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The Rediff Special/ Colonel Anil A Athale (retd)

A Case for Détente in Kashmir

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The Kargil episode has brought in to sharp focus the danger of escalation of conflict. The entire stretch of the Line of Control between the Indian administered Jammu and Kashmir and the areas of the state under Pakistani control is a soldier's nightmare. The LoC in J&K resembles thousands of 'Check Point Charlie' at the Berlin Wall during the Cold War. The line does not follow any well defined geographical feature and often a house has its courtyard in India and other rooms in Pakistan. For the last 50 years, the two armies have been in an eye ball to eye ball confrontation. In this situation, border skirmishes and firing are the order and peace is a rare interlude.

Many of these clashes take place due to overzealous local commanders and are not planned military operations. But once the incident starts, the higher military echelons back their subordinates in the interest of morale. This vicious circle is difficult to break and creates a situation where both sides are driven to higher levels of violence in a game of one-upmanship. Political leadership can lose control over the situation in such circumstances. There is scepticism over the purely rational decision-making models of the Cold War by asserting that war or conflicts is essentially a 'hot headed' activity and a degree of emotion and irrationality is part of it.

The developments of May/June 1999 could actually catalyse a movement towards flexibility and peace once the reality that military force as an option is now no longer available sinks in the minds of key decision makers. The analogy is somewhat similar to the situation in the post-Cuban Missile Crisis 1962. Many international observers believe the Cuban crisis marks the beginnings of the process of détente between the US and the USSR.

Securing Foundations of Peace

A detailed survey of 50 years of conflict in Jammu and Kashmir brings out certain facts that must be considered while thinking of avoiding a future conflagration over this issue and working for a détente between India and Pakistan.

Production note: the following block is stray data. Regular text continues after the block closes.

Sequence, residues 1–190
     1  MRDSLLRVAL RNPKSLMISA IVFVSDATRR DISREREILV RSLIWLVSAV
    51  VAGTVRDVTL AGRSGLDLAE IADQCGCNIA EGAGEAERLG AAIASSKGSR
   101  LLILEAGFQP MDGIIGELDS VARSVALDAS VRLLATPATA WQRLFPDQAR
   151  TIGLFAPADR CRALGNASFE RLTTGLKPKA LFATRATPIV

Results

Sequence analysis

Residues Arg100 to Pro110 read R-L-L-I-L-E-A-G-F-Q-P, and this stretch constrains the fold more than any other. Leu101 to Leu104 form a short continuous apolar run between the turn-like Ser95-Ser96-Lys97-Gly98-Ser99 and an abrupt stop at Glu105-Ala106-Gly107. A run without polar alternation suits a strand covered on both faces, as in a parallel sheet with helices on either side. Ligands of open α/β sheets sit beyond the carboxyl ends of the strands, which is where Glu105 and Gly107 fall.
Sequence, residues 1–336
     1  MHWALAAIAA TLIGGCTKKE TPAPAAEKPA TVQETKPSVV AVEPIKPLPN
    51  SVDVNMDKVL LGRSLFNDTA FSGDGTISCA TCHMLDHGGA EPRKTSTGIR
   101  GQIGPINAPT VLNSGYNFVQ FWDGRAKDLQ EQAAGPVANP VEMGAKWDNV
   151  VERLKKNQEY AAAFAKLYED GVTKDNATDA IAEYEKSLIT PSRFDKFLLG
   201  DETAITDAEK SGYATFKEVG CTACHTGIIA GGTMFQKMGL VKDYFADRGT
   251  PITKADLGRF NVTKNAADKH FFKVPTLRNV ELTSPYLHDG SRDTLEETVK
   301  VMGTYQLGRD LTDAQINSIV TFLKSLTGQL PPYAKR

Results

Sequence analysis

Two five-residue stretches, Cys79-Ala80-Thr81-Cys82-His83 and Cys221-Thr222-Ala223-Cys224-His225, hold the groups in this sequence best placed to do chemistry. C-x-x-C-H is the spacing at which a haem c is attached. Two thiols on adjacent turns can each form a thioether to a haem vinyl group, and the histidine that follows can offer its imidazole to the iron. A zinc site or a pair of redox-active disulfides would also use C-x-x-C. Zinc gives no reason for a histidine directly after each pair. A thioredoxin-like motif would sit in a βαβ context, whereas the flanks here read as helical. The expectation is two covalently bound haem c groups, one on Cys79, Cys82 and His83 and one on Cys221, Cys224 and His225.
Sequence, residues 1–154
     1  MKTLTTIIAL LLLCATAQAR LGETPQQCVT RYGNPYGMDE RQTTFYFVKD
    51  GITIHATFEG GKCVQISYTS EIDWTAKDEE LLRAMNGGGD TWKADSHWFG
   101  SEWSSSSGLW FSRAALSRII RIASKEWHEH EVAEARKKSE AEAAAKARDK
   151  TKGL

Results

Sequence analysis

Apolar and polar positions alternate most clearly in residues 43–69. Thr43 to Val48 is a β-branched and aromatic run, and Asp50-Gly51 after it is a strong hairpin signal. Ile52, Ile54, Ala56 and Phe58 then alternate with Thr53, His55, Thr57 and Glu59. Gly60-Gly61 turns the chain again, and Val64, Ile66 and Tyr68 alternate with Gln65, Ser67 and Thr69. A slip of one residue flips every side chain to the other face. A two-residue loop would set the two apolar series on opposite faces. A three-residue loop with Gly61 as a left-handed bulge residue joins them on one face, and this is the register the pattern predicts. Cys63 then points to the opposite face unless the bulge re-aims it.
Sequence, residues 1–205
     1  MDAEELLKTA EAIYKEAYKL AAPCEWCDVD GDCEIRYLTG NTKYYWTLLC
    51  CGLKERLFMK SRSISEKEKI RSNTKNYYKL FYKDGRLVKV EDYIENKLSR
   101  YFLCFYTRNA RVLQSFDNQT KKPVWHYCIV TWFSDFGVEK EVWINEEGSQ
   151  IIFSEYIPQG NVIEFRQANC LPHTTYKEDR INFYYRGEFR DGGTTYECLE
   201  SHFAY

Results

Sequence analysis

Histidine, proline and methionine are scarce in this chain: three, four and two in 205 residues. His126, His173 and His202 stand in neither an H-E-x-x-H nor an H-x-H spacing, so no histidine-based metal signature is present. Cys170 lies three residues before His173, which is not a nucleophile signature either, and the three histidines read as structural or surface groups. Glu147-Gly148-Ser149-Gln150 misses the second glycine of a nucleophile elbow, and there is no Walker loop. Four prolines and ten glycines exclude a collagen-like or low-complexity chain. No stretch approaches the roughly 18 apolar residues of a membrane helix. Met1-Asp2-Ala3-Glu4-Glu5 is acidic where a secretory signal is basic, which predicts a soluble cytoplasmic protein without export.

Diversities within Jammu and Kashmir

Within the state there are cultural, linguistic and religious diversities.

Futility of Conflicts

The two earlier conflicts between India and Pakistan over Jammu & Kashmir have only deepened the divisions and adversarial relations between the two countries. The accords that followed these conflicts have not been implemented in a meaningful way.

Insurgency as an impediment

The insurgency in Jammu and Kashmir has further contributed to deterioration of relations between India and Pakistan. It has added to the misery of the common people who are caught between the insurgents and security forces. The last 50 years have shown that insurgency and guerrilla war has adversely affected the people without the slightest gain to those who incited it.

Insurgency invites active military intervention which in turn further sours relationships and retards economic, social and educational progress and development. Insurgency by one state into another's territory and the accusations of violations of human rights by the defending state, are but two sides of the same coin. They seriously impede dialogue and hamper the climate of peace.

Defensive Capability

Both India and Pakistan in conjunction with the massive water obstacles developed on the border as well as other prepared defences have the power to thwart each other's offensive. Though India has larger overall numbers, Pakistan can match her deployable strength, keeping in view India's needs to defend eastern border against China. Modern conventional weapons favour defence. Further escalation in the arms race is thus not cost effective even in purely military terms as it cannot easily upset the balance that is in favour of defence.

The Real Victims

It is the welfare and progress of the people on both sides of the Jammu and Kashmir border that has suffered the most due to this long and unending conflict.

Serious and Deep-rooted Conflicts

The conflict in Jammu & Kashmir is one in which most of the elements that generate conflicts like ideology, ethnicity, history and perceived threat to identity, are present. It is both a deep rooted as well as serious conflict. Since the conflict is over intangibles like identity, ideologies or insecurity, the issues at stake are difficult to negotiate. Ideological conflicts tend towards being absolute conflicts and there is a danger of the use of nuclear weapons.

The J&K issue that began in 1947 as a residual conflict of Partition has over the years turned into an ideological conflict or between the 'two nation theory' of Pakistan and belief in India of secularism of its pluralist society. From the Indian point of view Indian acceptance of the two-nation theory could put the future of not just its Muslim citizens but Christians, Sikhs, Buddhists, Jains, Zorastrians and Jews of India in jeopardy, and therefore untenable.

Secularism is central to Indian existence as a home of a pluralistic society. If Indo-Pakistani peace efforts are to progress an honest dialogue with transparency of intent on both sides must be initiated on the following lines.

Mutual Acceptance of a No Win Situation

The first and the foremost step in solving the Kashmir problem is for the governments of both countries to realise the reality of a no win situation. While Pakistan cannot get Kashmir by force, India will continue to bleed defending it. Parenthetically there must be a clear realisation that War or the language of War will only make matters worse.

Accept that both sides have legitimate logic to back up their claim